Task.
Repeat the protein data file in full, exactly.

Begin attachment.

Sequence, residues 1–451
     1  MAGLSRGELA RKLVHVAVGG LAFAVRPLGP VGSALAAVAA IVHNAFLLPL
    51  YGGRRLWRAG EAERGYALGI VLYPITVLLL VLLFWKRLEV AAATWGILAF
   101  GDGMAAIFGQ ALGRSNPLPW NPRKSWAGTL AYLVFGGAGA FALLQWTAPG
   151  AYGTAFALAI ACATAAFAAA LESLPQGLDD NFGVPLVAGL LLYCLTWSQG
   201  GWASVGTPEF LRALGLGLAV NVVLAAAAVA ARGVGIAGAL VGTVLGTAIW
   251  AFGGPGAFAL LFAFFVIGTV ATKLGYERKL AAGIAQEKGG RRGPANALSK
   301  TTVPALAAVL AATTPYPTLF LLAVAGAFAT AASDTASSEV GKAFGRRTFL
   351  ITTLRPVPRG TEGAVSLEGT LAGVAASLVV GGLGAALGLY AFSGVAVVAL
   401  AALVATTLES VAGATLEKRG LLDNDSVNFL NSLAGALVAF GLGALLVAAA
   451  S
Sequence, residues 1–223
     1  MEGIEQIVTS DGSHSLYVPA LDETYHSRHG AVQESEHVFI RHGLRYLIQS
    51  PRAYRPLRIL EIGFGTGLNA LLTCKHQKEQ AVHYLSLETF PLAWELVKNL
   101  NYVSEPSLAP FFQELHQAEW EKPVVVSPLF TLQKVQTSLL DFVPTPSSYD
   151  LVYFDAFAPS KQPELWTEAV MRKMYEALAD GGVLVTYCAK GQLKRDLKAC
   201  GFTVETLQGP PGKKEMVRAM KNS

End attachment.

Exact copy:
Sequence, residues 1–451
     1  MAGLSRGELA RKLVHVAVGG LAFAVRPLGP VGSALAAVAA IVHNAFLLPL
    51  YGGRRLWRAG EAERGYALGI VLYPITVLLL VLLFWKRLEV AAATWGILAF
   101  GDGMAAIFGQ ALGRSNPLPW NPRKSWAGTL AYLVFGGAGA FALLQWTAPG
   151  AYGTAFALAI ACATAAFAAA LESLPQGLDD NFGVPLVAGL LLYCLTWSQG
   201  GWASVGTPEF LRALGLGLAV NVVLAAAAVA ARGVGIAGAL VGTVLGTAIW
   251  AFGGPGAFAL LFAFFVIGTV ATKLGYERKL AAGIAQEKGG RRGPANALSK
   301  TTVPALAAVL AATTPYPTLF LLAVAGAFAT AASDTASSEV GKAFGRRTFL
   351  ITTLRPVPRG TEGAVSLEGT LAGVAASLVV GGLGAALGLY AFSGVAVVAL
   401  AALVATTLES VAGATLEKRG LLDNDSVNFL NSLAGALVAF GLGALLVAAA
   451  S
Sequence, residues 1–223
     1  MEGIEQIVTS DGSHSLYVPA LDETYHSRHG AVQESEHVFI RHGLRYLIQS
    51  PRAYRPLRIL EIGFGTGLNA LLTCKHQKEQ AVHYLSLETF PLAWELVKNL
   101  NYVSEPSLAP FFQELHQAEW EKPVVVSPLF TLQKVQTSLL DFVPTPSSYD
   151  LVYFDAFAPS KQPELWTEAV MRKMYEALAD GGVLVTYCAK GQLKRDLKAC
   201  GFTVETLQGP PGKKEMVRAM KNS